In 2020, as I watched my hope for a better world crumble into dust, I felt the weight of history. Through the centuries, we leave behind everyday objects like pottery shards. Archeologists sift through these broken pieces to study the past.  When future generations look back at our time, what will they think?  I am an archeologist from the future, studying the broken shards of our history. 
When we study history, it’s not always the whole story.  During the pandemic, unjust laws, practices and attitudes that affect people to this day came to light.  These facts were unearthed like the buried detritus of our past. It is only when we recognize the whole story that we can begin to change it.  In 2020, thousands of people demonstrated and called for action.  When future generations study our time, will they find that we met the moment?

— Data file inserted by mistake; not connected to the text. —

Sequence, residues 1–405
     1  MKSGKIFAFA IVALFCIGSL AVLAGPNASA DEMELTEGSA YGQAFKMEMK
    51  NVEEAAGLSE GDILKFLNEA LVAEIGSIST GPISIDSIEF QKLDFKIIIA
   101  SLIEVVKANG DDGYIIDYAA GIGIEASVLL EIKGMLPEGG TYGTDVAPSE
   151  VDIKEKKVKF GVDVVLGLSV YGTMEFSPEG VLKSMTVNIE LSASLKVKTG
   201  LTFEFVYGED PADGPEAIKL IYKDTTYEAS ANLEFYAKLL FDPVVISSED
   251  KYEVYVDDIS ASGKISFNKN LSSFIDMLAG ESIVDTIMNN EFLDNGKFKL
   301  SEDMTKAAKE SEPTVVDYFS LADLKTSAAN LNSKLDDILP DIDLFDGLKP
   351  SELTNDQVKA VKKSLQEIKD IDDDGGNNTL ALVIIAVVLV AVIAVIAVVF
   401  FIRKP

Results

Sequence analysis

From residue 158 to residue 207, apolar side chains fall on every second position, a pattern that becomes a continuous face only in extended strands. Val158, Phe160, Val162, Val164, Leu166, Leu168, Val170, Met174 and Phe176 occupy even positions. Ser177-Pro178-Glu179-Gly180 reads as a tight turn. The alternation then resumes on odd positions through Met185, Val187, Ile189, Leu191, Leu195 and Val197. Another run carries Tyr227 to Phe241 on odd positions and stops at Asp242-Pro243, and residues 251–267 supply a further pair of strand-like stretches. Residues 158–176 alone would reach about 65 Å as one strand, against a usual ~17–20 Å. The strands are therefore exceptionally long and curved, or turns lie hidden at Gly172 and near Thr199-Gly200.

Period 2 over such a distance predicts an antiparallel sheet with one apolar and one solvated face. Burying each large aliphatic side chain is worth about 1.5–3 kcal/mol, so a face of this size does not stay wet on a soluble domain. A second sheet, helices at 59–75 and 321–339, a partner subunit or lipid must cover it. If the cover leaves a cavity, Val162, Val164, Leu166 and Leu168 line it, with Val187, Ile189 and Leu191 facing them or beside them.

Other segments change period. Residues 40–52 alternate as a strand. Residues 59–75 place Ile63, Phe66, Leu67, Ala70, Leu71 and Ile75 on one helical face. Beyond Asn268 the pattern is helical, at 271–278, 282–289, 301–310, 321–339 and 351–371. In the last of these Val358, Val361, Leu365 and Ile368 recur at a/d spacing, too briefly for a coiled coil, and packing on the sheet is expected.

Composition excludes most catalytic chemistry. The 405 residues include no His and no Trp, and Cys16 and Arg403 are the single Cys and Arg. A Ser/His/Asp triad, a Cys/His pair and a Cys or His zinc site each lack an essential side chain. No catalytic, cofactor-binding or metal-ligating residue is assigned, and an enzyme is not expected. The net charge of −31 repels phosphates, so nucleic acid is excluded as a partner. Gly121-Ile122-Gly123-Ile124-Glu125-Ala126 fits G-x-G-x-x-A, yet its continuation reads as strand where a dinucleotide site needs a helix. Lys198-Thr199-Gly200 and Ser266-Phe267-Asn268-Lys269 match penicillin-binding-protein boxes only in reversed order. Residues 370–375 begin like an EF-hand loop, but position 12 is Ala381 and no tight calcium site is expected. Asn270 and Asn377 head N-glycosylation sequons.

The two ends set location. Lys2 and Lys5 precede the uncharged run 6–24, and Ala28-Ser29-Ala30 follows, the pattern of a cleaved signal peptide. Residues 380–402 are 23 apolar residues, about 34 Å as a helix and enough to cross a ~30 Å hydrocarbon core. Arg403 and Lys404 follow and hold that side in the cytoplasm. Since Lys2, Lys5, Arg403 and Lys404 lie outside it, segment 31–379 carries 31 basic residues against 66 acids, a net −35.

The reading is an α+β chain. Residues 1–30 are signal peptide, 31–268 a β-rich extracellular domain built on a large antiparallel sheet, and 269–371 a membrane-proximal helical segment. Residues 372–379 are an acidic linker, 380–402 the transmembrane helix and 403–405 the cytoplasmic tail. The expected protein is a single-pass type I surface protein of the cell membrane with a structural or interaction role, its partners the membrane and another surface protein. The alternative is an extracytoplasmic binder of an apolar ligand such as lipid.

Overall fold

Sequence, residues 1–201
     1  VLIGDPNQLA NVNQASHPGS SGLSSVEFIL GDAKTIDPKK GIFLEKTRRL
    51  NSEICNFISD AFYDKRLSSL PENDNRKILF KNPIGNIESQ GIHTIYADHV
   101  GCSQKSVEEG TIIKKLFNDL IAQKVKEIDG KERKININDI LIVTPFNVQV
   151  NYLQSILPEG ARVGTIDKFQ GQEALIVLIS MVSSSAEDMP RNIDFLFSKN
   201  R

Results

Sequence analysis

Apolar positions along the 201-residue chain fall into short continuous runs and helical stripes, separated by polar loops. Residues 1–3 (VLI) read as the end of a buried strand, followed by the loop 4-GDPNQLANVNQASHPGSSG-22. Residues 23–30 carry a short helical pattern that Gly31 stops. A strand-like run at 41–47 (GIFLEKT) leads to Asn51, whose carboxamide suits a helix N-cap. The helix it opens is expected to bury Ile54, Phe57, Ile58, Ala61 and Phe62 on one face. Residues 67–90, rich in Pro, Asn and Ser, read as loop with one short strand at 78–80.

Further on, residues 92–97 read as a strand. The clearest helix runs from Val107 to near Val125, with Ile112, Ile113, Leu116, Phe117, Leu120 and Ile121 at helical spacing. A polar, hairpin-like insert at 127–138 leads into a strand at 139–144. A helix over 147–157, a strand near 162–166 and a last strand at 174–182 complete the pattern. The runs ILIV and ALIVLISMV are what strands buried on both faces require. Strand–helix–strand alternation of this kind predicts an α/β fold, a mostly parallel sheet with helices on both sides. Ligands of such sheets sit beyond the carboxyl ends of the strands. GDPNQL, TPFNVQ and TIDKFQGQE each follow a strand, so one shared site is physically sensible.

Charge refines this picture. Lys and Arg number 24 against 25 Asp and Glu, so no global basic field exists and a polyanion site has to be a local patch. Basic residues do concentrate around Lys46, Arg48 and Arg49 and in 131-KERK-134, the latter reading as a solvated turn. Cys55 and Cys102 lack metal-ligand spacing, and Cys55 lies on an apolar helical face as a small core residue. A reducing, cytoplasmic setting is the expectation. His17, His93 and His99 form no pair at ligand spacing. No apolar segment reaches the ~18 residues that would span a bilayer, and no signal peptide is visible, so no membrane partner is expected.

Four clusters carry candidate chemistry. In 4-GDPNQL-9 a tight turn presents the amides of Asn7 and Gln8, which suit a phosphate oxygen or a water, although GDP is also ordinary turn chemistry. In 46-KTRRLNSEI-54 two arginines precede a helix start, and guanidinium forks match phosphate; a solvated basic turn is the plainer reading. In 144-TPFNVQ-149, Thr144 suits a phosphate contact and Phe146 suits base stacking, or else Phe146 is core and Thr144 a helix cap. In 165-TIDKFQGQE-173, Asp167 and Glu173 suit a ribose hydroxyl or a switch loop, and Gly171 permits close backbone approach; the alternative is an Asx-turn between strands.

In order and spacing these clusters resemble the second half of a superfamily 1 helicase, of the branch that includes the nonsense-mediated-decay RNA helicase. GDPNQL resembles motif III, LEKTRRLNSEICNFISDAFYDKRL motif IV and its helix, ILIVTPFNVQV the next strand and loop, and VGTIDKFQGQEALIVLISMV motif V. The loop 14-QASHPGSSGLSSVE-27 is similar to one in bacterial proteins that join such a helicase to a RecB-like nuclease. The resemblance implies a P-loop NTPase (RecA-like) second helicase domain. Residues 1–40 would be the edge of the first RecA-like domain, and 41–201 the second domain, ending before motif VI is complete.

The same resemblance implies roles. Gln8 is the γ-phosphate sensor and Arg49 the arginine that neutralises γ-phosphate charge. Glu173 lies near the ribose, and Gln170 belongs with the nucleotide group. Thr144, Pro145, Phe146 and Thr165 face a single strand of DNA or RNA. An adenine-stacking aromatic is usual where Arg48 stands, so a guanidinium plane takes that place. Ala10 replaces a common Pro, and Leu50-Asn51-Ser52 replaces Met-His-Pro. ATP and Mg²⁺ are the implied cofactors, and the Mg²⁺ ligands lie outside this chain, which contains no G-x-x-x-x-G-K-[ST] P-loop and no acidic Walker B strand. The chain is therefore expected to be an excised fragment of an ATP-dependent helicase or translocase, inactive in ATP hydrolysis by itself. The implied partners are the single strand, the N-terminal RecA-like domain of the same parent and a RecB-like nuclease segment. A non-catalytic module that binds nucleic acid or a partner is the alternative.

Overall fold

The techniques I used in these collages grew out of anger and frustration. In the spring of 2020, I started to break pottery and then recreate the shards with textured pencil marks, tearing or cutting out each drawing and creating a sense of chaos by the way the shards land on the background. Objects bear silent witness to our actions.  Someday, archeologists will study the detritus we leave behind. Broken is my way of recording the present as if it were seen from the future.